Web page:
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Being brave

Bravery comes in many shapes and sizes. In actions and deeds great and small. At the recent Brave Conference, hosted by the Marketing Society, we were lucky enough to listen to a variety of thoroughly entertaining speakers talk about what bravery meant to them.

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Tom Kenward

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How do you define bravery? Is it the man standing in front of the tank or the young girl sleeping with the light off for the first time? Most of the speakers at the Brave Conference started by giving the dictionary definition of bravery; the quality or state of having or showing mental or moral strength in the face of danger, fear or difficulty.

It was very interesting to see a common theme start to appear through the talks – that there is a very big difference between having mental strength and showing mental strength. The acts that we would define as brave, on both a professional and personal level, are undertaken by people who often suffer from the same anxieties that we all do. Is this the right thing to be doing? What will people think? What are the consequences?

In any big decision that we make, there are numerous known factors that we can prepare for or mitigate against but there are also those bigger external environmental influences over which we have absolutely no control and yet they will play a massive role in the outcome of our actions.

When big wave surfer Garrett McNamara who holds the record for the biggest wave ever surfed was asked whether he was reckless rather than brave, he replied that being reckless was “doing something without worrying about the risks or consequences”. The planning and preparation that goes in to any of his big wave outings is meticulous. They obviously cannot control the weather or water conditions but they can plan whether a location is safe and what the entry/exit points are going to be, plus there are support crews in the air, water and on the beach and spotters to do everything they can to maximise their chances of a successful and safe ride.

The same thing is true of any difficult business decision you have to make. If you are aware of all the factors that will impact the outcome of your actions and you have planned for all eventualities, the greater the chance of success.

And what about when it all goes wrong? Garrett was telling the story of a recent injury where his shoulder socket basically exploded on impact with water (which turns to concrete at a certain speed/volume). He said that on that day, he just didn’t feel right. His gut was telling him something was wrong and that possibly resulted in him being less committed than he would normally be. The moral of the story there is that you should always trust your instincts. Years of evolution have developed these for a reason – to tell us whether something feels right or wrong. And if it is the latter, you should listen!

Syl Saller, Chief Marketing and Innovation Officer for Diagio was interviewed about what being brave meant in her professional experience, revealing a couple of really interesting insights:

  • Don’t be afraid of the word no. Two simple letters that had been the inspiration of another speaker Raha Mohaharrak, who was the first Saudi woman to climb the big 7 peaks and had been motivated by an email from her dad who had said “no”, she couldn’t do it.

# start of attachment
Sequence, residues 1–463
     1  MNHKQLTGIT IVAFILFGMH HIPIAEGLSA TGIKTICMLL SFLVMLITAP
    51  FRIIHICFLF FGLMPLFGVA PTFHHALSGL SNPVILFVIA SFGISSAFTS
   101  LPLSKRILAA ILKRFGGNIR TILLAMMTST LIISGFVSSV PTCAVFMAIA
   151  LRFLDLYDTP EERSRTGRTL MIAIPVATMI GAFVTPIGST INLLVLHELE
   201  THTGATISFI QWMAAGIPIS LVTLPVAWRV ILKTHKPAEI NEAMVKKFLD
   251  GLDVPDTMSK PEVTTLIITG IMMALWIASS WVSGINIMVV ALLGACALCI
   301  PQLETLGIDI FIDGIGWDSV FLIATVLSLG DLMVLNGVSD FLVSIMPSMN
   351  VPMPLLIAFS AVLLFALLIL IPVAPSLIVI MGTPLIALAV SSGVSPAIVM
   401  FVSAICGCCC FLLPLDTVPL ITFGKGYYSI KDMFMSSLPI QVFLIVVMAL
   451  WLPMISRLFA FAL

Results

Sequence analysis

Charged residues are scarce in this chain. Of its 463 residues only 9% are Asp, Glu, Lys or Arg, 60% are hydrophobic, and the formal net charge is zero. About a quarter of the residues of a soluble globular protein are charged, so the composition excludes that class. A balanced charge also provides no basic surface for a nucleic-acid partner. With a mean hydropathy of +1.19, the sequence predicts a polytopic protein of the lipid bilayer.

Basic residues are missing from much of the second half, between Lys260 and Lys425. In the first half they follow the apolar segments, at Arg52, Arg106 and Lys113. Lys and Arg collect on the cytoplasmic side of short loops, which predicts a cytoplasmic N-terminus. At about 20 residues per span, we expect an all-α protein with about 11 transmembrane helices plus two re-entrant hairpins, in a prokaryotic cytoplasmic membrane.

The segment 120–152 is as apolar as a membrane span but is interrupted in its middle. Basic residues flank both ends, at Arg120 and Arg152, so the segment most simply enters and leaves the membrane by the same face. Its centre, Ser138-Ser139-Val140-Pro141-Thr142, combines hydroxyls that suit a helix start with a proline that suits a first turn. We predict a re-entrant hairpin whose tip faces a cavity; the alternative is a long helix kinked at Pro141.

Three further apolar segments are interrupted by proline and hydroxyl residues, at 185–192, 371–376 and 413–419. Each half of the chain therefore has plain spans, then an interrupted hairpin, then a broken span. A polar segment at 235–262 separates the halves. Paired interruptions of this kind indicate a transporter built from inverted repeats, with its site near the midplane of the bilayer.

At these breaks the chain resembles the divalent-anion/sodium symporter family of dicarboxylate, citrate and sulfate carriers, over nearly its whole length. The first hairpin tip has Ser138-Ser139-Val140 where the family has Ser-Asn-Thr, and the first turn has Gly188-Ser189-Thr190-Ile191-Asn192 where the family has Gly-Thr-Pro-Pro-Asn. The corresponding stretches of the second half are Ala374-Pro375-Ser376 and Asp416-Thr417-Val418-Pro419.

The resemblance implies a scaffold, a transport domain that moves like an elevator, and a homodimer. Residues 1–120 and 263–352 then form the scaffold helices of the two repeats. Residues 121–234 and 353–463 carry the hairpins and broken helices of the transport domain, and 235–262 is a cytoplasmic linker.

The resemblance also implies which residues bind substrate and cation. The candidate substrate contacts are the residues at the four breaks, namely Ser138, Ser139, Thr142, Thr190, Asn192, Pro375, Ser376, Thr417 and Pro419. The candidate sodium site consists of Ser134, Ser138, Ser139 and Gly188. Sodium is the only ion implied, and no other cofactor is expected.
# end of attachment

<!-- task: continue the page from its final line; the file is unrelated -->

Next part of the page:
• Being brave isn’t about the big acts. It is the everyday small acts of bravery by their marketing teams across the world who push the boundaries of conventional marketing to drive massive growth in the business that impresses her.
  • Great ideas come from every area of the business. It doesn’t matter whether you a marketing assistant starting out on your career, or a senior VP, your input is equally valued. You should have the bravery to put ideas forward or stand up and make your voice heard.

From my personal experience, it was this last point which resonated with me most. In the earlier stages of my career, I had gone with the flow of a project being driven by client pressure when what we were doing didn’t feel right. I didn’t feel I had the experience at the time to be able to stand up and say ‘stop’. In those cases, not progressing is the right thing to do. As you can expect, the project was a failure for the client and I just wish I had had the courage to say something.

We then had a talk from Hassan Akkad that put workplace thoughts and worries starkly into perspective. He talked about his experience of leaving Syria where he worked as a qualified English teacher because he feared for his life. Having been captured by security forces for peacefully protesting, he had his arms, legs and ribs broken while being tortured in captivity. After being captured a second time and put in solitary confinement accused of supporting western forces because he spoke English so well, he was released and fled to Europe, eventually ending up in the UK. He documented his whole journey and his footage was used in the recent Exodus series on BBC2. His story was absolutely mesmerizing. Not a single person in a packed auditorium was on their phone and you could have heard a pin drop. He said he was driven by his survival instincts rather than bravery, but I would say that he certainly demonstrated bravery.

But for now, work makes the world go round, so it is back to the grind, feeling inspired and more confident to be able to make brave decisions going forward. Thank you to The Marketing Society for a great day.